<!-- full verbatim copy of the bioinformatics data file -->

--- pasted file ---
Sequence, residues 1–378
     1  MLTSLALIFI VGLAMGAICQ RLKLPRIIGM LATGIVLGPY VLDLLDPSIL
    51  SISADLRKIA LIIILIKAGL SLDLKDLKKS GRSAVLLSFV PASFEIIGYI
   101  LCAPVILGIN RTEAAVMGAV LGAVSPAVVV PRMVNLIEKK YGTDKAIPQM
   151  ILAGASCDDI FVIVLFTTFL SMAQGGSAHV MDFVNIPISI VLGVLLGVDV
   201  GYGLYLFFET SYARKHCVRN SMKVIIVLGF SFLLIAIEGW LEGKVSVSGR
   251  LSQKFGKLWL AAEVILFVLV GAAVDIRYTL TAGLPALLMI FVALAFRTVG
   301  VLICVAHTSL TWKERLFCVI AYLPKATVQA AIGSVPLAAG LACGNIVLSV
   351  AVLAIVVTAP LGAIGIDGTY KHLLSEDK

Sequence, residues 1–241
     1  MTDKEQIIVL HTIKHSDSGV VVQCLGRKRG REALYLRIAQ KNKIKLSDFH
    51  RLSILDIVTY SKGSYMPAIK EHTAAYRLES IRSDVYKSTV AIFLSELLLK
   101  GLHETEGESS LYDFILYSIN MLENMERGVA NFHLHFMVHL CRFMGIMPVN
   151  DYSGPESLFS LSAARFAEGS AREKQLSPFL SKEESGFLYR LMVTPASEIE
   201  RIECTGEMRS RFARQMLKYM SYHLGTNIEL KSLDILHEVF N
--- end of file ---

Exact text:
Sequence, residues 1–378
     1  MLTSLALIFI VGLAMGAICQ RLKLPRIIGM LATGIVLGPY VLDLLDPSIL
    51  SISADLRKIA LIIILIKAGL SLDLKDLKKS GRSAVLLSFV PASFEIIGYI
   101  LCAPVILGIN RTEAAVMGAV LGAVSPAVVV PRMVNLIEKK YGTDKAIPQM
   151  ILAGASCDDI FVIVLFTTFL SMAQGGSAHV MDFVNIPISI VLGVLLGVDV
   201  GYGLYLFFET SYARKHCVRN SMKVIIVLGF SFLLIAIEGW LEGKVSVSGR
   251  LSQKFGKLWL AAEVILFVLV GAAVDIRYTL TAGLPALLMI FVALAFRTVG
   301  VLICVAHTSL TWKERLFCVI AYLPKATVQA AIGSVPLAAG LACGNIVLSV
   351  AVLAIVVTAP LGAIGIDGTY KHLLSEDK

Sequence, residues 1–241
     1  MTDKEQIIVL HTIKHSDSGV VVQCLGRKRG REALYLRIAQ KNKIKLSDFH
    51  RLSILDIVTY SKGSYMPAIK EHTAAYRLES IRSDVYKSTV AIFLSELLLK
   101  GLHETEGESS LYDFILYSIN MLENMERGVA NFHLHFMVHL CRFMGIMPVN
   151  DYSGPESLFS LSAARFAEGS AREKQLSPFL SKEESGFLYR LMVTPASEIE
   201  RIECTGEMRS RFARQMLKYM SYHLGTNIEL KSLDILHEVF N